Obstructive Lung Diseases: Obstructive Lung Disease |

Dyspnea and Wheeze Don't Always Indicate Asthma: A Case of Tracheal Stenosis Treated With Rigid Bronchoscopic Tracheal Dilatation FREE TO VIEW

Mara Rubia Lima, MD; Ana Moreira, MD; José Moreira, MD; Jackeline Souza, MD; Camila Zuconi; Gabriela Buffon; José Felicetti, MD; Victoria Lau; Beatriz Mantuan; Guilherme Watte
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UFCSPA, Porto Alegre, Brazil

Copyright 2016, American College of Chest Physicians. All Rights Reserved.

Chest. 2016;149(4_S):A404. doi:10.1016/j.chest.2016.02.419
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SESSION TITLE: Obstructive Lung Disease

SESSION TYPE: Case Report Poster

PRESENTED ON: Sunday, April 17, 2016 at 11:45 AM - 12:45 PM

INTRODUCTION: The incidence of tracheal stenosis decreased with large volume, low pressure endotracheal tube cuffs but it is still a problem for interventional pulmonologists being a serious complication post endotracheal intubation and tracheostomy. Besides dyspnea and wheeze, tracheal stenosis causes inspiratory stridor but this may not suggest the correct diagnosis at initial presentation in 44% of the cases which are often misdiagnosed as asthma.

CASE PRESENTATION: In May 2015, a 19-year-old non-smoker patient was referred to a tertiary hospital with dyspnea on exertion, wheeze, non-productive cough and dizziness, over the past 12 months. She was treated as asthma but symptoms worsened despite of good adherence to treatmente requiring systemic corticosteroid therapy, emergency room visits, and hospital admissions. Clinical examination: stridor, diffuse wheezing, oxygen desaturation to minimum efforts. Denied respiratory symptoms in childhood or previous pulmonary disease. Reported untreated chronic rhinosinusitis. History of intubation followed by tracheostomy during 33 days, in May 2014, after a car accident, that caused ribs and vertebra fractures, kidney and spleen drilling, undergoing splenectomy. Image exams show reduction of tracheal diameter, and bronchoscopy shows narrowing of about 90% of the trachea. She underwent rigid bronchoscopic tracheal dilations with rigid sheaths 6.5; 7.5; 8.5. From the first dilation session, endoscopic evaluation revealed gradual improvement of tracheal stenosis. Patient reports improvement of symptoms and lung functional tests are normal in follow up visit.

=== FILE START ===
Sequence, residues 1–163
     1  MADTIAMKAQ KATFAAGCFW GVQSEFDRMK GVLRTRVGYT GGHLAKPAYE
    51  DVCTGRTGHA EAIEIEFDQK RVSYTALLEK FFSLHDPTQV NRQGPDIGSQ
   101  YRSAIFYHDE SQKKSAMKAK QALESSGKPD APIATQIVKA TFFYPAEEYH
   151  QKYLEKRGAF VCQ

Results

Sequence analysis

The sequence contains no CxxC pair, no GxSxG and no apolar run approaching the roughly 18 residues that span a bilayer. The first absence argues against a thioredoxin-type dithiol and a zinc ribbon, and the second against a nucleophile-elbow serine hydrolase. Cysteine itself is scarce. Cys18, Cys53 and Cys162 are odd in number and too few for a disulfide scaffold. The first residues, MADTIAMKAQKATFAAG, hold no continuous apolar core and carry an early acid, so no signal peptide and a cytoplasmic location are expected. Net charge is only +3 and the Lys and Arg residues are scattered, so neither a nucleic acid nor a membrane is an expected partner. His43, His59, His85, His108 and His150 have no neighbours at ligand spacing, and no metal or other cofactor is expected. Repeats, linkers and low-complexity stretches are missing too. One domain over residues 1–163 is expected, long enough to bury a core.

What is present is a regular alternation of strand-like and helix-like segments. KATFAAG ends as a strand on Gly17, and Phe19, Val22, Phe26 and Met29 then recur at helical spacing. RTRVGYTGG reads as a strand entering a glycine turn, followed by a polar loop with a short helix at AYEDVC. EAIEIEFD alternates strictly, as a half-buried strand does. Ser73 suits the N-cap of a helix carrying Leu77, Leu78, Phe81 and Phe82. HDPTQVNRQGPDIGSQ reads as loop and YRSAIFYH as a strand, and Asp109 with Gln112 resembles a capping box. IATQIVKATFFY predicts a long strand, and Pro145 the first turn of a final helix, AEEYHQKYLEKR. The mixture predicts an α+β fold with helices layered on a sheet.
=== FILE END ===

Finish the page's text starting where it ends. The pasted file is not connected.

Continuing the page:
DISCUSSION: The diagnosis of a typical asthma is usually easy. We reported a case of asthma starting at 18 with dizziness, stridor, no response to treatment, and past history of intubation and tracheostomy. Atypical clinical pictures need meticulous medical history, physical examination, image exams and bronchoscopy that can identify a tracheal stenosis. Repeated sessions of rigid bronchoscopic dilation are an advance for tracheal stenosis management replacing reconstructive surgery with less risk of complications and morbidity.

CONCLUSIONS: The lesson brought by this case is that postintubation and post tracheostomy tracheal stenosis is a common problem for interventional pulmonologists but is a challenge in a Pulmonology outpatient unit where it needs to be assessed in cases of no response to asthma treatment and atypical clinical manifestations.

Reference #1: Curley FJ. Dyspnea. In: IRWIN RS; CURLEY FJ & GROSSMAN RF, ed. Diagnosis and treatment of symptoms of the respiratory tract. Futura Publishing, Armonk, p. 55-115, 1997

Reference #2: Brichet A, Verkindre C, Dupont J, Carlier ML, Darran J. Multidisciplinary approach to management of postintubation tracheal stenoses. Eur Respir J 1999;13:888 -893

Reference #3: FERREIRA, Susana et al. Técnicas de dilatação broncoscópica e aplicação tópica de mitomicina C no tratamento da estenose traqueal pós-entubação-. Rev Port Pneumol [online]. 2010, vol.16, n1

DISCLOSURE: The following authors have nothing to disclose: Mara Rubia Lima, Ana Moreira, José Moreira, Jackeline Souza, Camila Zuconi, Gabriela Buffon, José Felicetti, Victoria Lau, Beatriz Mantuan, Guilherme Watte

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